In the late 90s, D’Angelo Jiménez was considered one of the best prospects in baseball. Minor league experts ranging from ESPN.com’s John Sickels to BP’s Rany Jazayerli rated Jiménez as a better prospect than Alfonso Soriano, another young infielder in the Yankee system. But in January of 2000, Jiménez suffered severe injuries when his car collided with a bus on a highway in the Dominican. The injuries sustained robbed him the opportunity to compete for a position in the Yankees infield, as Jiménez was coming off big seasons in the Triple-A International and Dominican Winter leagues, and was expected to make the big club that season. He’s since moved through the White Sox and Padres organizations, with both clubs souring on him due to periodic struggles at the plate and on defense. His overall profile remains that of an effective hitter with moderate power and good plate discipline, making Jiménez one of the most underappreciated players in the game.
In 2003 he landed in Cincinnati, putting up a solid line of .290/.365/.421 in 290 at-bats with the Reds. This winter in the Dominican the 26-year-old infielder had arguably the best offensive season for a second baseman in the history of the league, winning the batting title (.360), flirting with the single-season OBP record before finishing at .485, and also slugging an even .500, all while playing half his games in a pitcher’s park. Baseball Prospectus recently chatted with Jiménez before a game between the Azucareros del Este and the Licey Tigers.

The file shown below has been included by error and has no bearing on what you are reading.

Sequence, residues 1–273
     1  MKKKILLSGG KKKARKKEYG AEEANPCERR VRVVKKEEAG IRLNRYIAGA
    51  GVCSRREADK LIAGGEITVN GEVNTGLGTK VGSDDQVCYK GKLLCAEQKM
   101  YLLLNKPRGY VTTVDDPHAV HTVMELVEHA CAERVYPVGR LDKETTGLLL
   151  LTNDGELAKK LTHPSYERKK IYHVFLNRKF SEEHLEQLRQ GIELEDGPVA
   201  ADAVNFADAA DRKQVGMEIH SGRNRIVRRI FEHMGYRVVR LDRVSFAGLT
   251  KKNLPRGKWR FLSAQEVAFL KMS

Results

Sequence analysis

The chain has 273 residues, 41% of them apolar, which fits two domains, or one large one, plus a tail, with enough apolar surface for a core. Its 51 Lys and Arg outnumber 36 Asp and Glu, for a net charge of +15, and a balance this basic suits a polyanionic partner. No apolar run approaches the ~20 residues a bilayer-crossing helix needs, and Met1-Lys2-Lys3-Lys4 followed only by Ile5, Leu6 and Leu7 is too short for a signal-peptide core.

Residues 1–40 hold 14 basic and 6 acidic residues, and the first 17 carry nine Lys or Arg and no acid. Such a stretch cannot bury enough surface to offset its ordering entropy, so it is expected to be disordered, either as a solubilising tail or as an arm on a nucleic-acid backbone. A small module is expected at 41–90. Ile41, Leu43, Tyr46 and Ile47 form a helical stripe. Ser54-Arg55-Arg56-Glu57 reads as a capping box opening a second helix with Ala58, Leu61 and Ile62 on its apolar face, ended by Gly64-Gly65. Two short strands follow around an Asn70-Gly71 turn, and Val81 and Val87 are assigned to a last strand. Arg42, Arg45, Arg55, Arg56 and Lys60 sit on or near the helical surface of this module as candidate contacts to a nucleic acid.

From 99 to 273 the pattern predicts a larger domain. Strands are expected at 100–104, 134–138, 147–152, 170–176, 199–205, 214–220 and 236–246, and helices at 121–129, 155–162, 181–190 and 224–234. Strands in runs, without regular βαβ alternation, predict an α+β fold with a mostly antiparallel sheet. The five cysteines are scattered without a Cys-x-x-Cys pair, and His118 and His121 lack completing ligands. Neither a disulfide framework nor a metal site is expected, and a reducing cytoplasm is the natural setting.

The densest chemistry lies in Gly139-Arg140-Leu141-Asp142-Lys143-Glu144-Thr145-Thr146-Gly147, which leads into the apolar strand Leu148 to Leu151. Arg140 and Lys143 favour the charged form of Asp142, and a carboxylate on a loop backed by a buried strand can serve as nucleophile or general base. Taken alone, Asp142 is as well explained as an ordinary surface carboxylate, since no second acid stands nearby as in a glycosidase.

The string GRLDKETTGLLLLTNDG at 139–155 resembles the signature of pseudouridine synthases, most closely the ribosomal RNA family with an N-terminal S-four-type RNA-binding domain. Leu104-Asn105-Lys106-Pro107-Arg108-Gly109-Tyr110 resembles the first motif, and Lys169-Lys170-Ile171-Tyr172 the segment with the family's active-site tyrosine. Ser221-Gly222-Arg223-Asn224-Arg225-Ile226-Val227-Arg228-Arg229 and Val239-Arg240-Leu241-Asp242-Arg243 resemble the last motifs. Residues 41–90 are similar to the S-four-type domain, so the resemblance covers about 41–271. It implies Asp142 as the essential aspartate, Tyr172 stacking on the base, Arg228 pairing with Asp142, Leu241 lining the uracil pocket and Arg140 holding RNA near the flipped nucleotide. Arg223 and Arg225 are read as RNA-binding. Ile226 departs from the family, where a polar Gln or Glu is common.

Baseball Prospectus: For a player with such obvious abilities, and also, one who was a good prospect, your career has been marked by instability: three organizations (Padres, White Sox, Reds) in three years. Why is that? Why do you think you’re unappreciated?
D’Angelo Jiménez: Well, I’d sure like to know why. Sometimes you get to a team and start doing a good job, and sometimes, as you know, all players can get into a slump. What has happened with me is that, when I’ve fallen into those slumps, the organization seems to lose faith in me. It’s like if all of a sudden they realize I’m just not good anymore, almost inexplicably.
BP: Don’t you think it could be a perception thing, maybe some sort of “attitude” label or something like that?
DJ: With every team I’ve played for I’ve tried to do the best I can, and give the best of myself as a player. But sometimes you just get into a slump and the teams start to doubt your abilities and suddenly try to deal you somewhere else.
BP: How would you describe the White Sox experience, when they put you on waivers to bring in a player like Roberto Alomar, who, in terms of performance, was having a worse season than you were, and in the end was not an upgrade at the position?
DJ: What happened in Chicago took me by surprise. I was hitting very well the first couple of months, and then I slumped, and suddenly I was unwanted. Anyway, thank God I went to Cincinnati where they gave me the chance and I did well there.
BP: Speaking of the Reds, you just signed a new contract with them. How do you feel the Reds have treated you so far?
DJ: I feel comfortable with the Reds, they made me a good offer and I took it. It’s good to put that behind you. I’m sure this is going to be an interesting and important year for me.
BP: Let’s go back in time a little. The years you were with the Yankees they had Derek Jeter at short, Chuck Knoblauch was still with the team, and there was also Alfonso Soriano. Did you ever get the feeling that your future was not there, that they were not really interested in you as an option but more as trade bait?